SOCIAL HOUSING
This has always been of the utmost importance. But until the end of the first world war this had always been a private issue in Fontmell between the Glyns and their tenants. (In 1843, for example, well before the PC was established, the Guardians of the Shaftesbury Union sold for the sum of £100, five cottages in Common Lane occupied by paupers, to Sir Richard Plumptre Glyn, the previous landowner.) But in 1919 the PC was confronted by a ‘Housing Scheme’ presented by Shaftesbury Rural District Council (RDC) and the county medical officer. The PC was asked if there were sufficient cottages in the parish for the Working Classes (sic), to which it replied by saying that about 20 were uninhabited, and many of these required reconstructing or replacement.
Not surprisingly the topic of social housing next cropped up at the end of the second world war. Rolf Gardiner asked that ‘the layout of council houses be designed, not piece-meal, but with a view to the maximum development of the village within the next 25 years’. Directly after the war, Orchard Close and West View were built. The two roads were well laid out, and have stood the test of time. In 1952 the PC objected to any further housing development, and pointed out to the RDC that ‘while Fontmell was attractive to applicants, there was no need for new housing’.

WASTE DISPOSAL
Sewage was mentioned for the first time in 1924 when the PC tersely adjudged the RDC’s ideas as ‘not acceptable’. The problem was only partly solved after the second world war when a plant was built as part of the Orchard Close development. There were a few grumbles about teething troubles’ voiced at several meetings when the plant came into operation. But the sewage works were finally approved by the PC in 1953. As far as refuse collection was concerned, the PC was concerned that while the village had a monthly collection, the rest of the parish was not so privileged. (Today there would be widespread panic if the weekly collection failed.) Grumbles about paying for these services through the rates occurred sporadically throughout the sixty years.

THE WAR MEMORIAL

The War Memorial

The War Memorial

The village memorial to those who fell in the 1914-18 war, and augmented by further entries for the 1939-45 war, was erected on land belonging to Sir Richard Fitzgerald Glyn. As he relinquished his enormous land holdings, he decided to convey the memorial and the land on which it stood to the PC. In 1927 the PC agreed to pay £1 a year towards the tidying of the land. There were several mentions of various personnel employed for this duty through the years, and in May 1941 the war memorial plaque was lodged for safety in the church vault. This was part of the policy of de-naming all villages. At the same time all signpost were uprooted, so that the German invaders would not know where they were.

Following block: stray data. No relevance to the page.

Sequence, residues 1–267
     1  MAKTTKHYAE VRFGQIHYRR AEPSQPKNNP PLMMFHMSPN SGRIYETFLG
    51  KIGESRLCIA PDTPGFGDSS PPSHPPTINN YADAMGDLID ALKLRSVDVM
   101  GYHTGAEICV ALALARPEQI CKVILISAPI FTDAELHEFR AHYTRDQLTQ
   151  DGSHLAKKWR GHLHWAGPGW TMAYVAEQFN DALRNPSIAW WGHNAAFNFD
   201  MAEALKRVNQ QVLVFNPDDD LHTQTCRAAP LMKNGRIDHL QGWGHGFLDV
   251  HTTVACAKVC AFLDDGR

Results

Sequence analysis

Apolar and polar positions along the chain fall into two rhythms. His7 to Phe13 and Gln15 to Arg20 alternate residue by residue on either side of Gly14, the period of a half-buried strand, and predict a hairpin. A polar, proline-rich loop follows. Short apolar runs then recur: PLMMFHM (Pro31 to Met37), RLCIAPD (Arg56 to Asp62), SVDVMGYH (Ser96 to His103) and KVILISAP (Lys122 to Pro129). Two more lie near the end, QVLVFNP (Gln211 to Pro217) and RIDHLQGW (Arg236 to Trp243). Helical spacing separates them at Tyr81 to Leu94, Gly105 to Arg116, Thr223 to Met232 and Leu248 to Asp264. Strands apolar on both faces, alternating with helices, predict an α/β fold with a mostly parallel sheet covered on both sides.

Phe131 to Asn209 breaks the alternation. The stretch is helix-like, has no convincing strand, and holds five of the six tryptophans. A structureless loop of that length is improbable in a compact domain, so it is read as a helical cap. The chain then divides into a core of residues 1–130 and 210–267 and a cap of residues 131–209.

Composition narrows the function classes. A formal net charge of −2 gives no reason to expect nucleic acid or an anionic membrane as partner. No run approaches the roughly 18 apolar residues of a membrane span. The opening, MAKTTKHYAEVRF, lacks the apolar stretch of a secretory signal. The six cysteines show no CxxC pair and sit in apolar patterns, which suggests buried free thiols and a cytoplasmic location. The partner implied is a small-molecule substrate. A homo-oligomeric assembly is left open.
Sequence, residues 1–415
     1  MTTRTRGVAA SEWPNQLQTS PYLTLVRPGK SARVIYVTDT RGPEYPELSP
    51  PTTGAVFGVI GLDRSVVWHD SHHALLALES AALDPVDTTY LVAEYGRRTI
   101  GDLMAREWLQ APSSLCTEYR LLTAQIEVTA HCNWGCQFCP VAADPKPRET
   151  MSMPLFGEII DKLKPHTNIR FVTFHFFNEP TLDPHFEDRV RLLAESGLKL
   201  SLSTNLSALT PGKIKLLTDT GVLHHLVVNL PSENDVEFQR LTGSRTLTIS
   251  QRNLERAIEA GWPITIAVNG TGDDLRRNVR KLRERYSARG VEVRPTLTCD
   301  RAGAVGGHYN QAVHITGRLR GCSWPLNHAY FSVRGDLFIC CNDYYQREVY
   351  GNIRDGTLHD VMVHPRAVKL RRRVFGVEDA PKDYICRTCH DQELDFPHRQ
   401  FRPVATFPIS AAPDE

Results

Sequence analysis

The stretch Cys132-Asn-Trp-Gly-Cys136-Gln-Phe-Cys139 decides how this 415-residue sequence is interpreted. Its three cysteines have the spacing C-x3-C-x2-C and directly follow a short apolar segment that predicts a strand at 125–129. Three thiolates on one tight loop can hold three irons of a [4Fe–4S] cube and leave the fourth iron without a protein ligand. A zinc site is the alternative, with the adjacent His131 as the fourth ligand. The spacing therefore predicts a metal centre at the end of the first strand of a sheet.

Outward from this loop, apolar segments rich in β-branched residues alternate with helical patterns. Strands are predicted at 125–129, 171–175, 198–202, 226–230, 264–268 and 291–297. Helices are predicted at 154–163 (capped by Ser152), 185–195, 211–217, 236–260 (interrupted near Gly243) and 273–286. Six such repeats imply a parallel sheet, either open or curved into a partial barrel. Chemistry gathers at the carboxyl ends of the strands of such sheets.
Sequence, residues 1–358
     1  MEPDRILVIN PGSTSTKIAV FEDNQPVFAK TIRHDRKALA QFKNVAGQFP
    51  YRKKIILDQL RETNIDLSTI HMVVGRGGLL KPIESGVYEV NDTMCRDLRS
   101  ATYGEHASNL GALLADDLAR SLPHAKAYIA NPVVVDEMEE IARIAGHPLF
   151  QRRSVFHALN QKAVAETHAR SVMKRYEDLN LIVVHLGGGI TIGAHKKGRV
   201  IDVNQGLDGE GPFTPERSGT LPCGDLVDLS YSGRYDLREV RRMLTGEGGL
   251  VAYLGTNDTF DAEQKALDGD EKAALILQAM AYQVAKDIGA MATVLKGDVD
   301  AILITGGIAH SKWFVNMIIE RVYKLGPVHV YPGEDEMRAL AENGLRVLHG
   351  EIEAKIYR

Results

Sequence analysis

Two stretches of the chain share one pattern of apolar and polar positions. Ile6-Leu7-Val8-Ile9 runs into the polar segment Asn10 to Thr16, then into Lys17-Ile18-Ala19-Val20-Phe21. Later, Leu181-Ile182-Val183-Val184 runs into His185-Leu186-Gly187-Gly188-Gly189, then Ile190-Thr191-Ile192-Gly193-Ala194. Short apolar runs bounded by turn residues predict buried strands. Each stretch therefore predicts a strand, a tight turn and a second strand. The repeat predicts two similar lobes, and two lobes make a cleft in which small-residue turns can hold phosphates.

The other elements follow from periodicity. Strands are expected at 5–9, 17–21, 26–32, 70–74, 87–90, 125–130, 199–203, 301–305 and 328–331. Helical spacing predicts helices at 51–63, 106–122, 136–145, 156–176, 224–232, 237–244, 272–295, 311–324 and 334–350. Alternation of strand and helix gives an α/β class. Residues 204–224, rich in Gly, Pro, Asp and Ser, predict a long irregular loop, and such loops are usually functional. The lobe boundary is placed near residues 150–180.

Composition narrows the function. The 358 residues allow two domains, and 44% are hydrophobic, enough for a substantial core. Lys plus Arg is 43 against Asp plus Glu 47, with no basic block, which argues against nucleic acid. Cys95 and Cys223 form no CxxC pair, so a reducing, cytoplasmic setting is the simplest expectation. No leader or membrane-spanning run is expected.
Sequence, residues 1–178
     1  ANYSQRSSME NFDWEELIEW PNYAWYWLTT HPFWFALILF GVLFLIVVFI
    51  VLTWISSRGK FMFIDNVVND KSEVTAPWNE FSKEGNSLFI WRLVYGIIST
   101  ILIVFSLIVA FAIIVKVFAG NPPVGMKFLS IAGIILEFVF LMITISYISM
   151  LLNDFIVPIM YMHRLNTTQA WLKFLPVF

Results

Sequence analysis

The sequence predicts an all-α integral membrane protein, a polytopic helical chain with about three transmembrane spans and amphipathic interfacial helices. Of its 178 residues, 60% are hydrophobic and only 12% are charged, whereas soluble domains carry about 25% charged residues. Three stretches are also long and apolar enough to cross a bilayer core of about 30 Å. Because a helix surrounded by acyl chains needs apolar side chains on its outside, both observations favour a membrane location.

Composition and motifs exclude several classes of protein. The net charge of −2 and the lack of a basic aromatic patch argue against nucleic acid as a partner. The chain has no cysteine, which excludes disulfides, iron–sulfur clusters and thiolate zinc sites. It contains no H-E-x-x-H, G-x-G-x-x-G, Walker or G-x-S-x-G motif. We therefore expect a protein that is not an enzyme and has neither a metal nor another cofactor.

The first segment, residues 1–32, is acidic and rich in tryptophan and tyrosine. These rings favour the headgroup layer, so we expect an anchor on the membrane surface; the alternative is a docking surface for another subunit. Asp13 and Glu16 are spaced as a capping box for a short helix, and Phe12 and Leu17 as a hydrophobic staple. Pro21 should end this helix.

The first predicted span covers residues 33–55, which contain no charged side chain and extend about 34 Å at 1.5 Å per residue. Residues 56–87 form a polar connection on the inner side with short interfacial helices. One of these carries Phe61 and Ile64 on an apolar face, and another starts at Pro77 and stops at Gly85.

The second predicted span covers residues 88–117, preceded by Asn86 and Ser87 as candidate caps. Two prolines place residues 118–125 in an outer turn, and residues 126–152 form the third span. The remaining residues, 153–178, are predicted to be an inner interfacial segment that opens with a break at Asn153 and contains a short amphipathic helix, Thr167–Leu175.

THE CROSS TREE
Concern was first expressed

Gossip Tree

Gossip Tree

about this tree when a sub-committee was set up in 1937 in order to preserve ‘the Gossip Tree’. Work was done, lopping and the like, in January and February 1938, but the PC was rebuked, because the tree did not belong to them. Nevertheless, in 1946 and 1949 further repairs were reported. Eventually of course, the old Cross Tree had to be replaced.

ALLOTMENTS
These crop up early in 1895. There was a need for additional allotments, and there was a ‘large demand’. A request was made to Sir Richard ‘to grant sufficient land for the purpose as may be needed to meet the case’. 20 persons had approached the PC for 29 acres in all. Sir Richard agreed to grant allotments of up to half an acre each, and also suggested that land at Higher Mill, Bedchester and at the old Sands allotments (off North Street) could be made available. 57 years later the PC agreed to relinquish the allotments.

 STREET LIGHTING AND ELECTRICITY SUPPLIES
In 1895 five oil lamps were placed strategically about the village, but by 1900 the lamps were abandoned and in 1935 the PC refused to re-install them. In 1938 concern was expressed about there being ‘no electricity to sparsely populated areas in the parish’, but it was not until 1946 that the PC urged that wiring should be extended to Bedchester and Kit Hill.

WATER SUPPLIES
These were often patchy in 1895. The PC considered the need for drinking water at Woodbridge, as at that time the water was fetched from Hartgrove. Later a pipe was provided. The haphazard supply of water to village taps was discussed in 1896, but it was not until 1935 that a scheme was received for water mains to be built.

Author: Geoffrey Tapper